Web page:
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Briefly Noted

On Reading Well:  Finding the Good Life through Great Books by karen swallow prior brazos, 272 pages, $19.99 In On Reading Well, Liberty University English professor Karen Swallow Prior sets forth a thoughtful, nuanced vision of the relationship between morality and literature. This vision . . . . Continue Reading »

The Bookish Life

The village idiot of the shtetl of Frampol was offered the job of waiting at the village gates to greet the arrival of the Messiah. “The pay isn’t great,” he was told, “but the work is steady.” The same might be said about the conditions of the bookish life: low pay but steady . . . . Continue Reading »

How Much Dreiser Does a Man Need?

Theodore Dreiser is ranked among our great authors; he was a syllabus mainstay for as polished a master as Saul Bellow. Yet he is neither among the great English-language prose stylists nor a writer of nuanced or profound moral vision. His idea of human life was crudely mechanical and deterministic. . . . . Continue Reading »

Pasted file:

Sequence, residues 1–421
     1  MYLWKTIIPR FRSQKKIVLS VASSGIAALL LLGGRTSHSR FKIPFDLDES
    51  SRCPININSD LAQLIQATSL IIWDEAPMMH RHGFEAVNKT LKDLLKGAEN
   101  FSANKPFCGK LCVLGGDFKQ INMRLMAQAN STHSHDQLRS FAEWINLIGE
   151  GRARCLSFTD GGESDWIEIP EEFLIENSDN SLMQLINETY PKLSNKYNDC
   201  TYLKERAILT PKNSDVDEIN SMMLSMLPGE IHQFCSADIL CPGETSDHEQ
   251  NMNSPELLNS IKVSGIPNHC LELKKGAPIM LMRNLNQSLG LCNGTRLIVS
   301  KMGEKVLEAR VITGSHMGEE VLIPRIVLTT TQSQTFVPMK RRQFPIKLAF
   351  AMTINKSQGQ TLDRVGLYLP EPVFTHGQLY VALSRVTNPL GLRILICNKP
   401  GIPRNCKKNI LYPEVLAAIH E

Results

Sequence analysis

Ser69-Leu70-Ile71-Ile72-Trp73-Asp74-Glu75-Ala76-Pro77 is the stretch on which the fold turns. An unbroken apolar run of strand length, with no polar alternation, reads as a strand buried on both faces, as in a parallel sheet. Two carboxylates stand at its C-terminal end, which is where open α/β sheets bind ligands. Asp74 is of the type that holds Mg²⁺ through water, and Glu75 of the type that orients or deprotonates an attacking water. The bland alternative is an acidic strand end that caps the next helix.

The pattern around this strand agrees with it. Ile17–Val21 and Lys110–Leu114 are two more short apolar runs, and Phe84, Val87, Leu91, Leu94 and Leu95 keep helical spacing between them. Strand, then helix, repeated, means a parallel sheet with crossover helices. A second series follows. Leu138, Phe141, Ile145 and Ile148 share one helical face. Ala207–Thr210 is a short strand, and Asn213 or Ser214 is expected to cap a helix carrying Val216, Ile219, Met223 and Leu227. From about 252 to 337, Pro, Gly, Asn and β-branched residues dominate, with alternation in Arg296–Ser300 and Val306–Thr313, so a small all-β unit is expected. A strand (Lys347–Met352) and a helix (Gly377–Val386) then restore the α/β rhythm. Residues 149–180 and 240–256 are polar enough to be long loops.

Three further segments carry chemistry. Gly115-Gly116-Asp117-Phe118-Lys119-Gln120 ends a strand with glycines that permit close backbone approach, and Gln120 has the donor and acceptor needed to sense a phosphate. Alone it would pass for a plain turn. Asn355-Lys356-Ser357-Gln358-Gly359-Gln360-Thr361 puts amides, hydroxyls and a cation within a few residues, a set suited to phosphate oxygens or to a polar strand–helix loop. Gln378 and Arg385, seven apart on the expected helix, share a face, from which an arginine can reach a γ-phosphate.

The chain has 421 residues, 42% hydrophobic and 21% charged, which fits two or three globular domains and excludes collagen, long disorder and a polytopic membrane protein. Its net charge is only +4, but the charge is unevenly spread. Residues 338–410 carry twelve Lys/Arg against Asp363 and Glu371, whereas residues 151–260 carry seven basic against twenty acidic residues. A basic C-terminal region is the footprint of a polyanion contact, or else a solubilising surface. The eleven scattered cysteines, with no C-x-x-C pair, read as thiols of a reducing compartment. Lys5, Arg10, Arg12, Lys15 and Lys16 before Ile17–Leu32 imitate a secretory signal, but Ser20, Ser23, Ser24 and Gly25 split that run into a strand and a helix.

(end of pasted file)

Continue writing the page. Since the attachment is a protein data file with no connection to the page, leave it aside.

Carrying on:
Reading is Believing

I’ve been tracking youth reading habits and test scores for a long time, but I’ve never asked this question: What becomes of a faith that places a book at the center of worship if the rising generation doesn’t read? I don’t mean illiteracy. The problem is what reading researchers . . . . Continue Reading »

Brush Up Your Shakespeare

Last year I posted in this space a reading plan of my own devising for working through all of Shakespeare's works. I made some work for myself when I created this plan, because I settled on reading plays Monday through Friday, and sonnets and other poems on weekends. Thus it needs annual . . . . Continue Reading »

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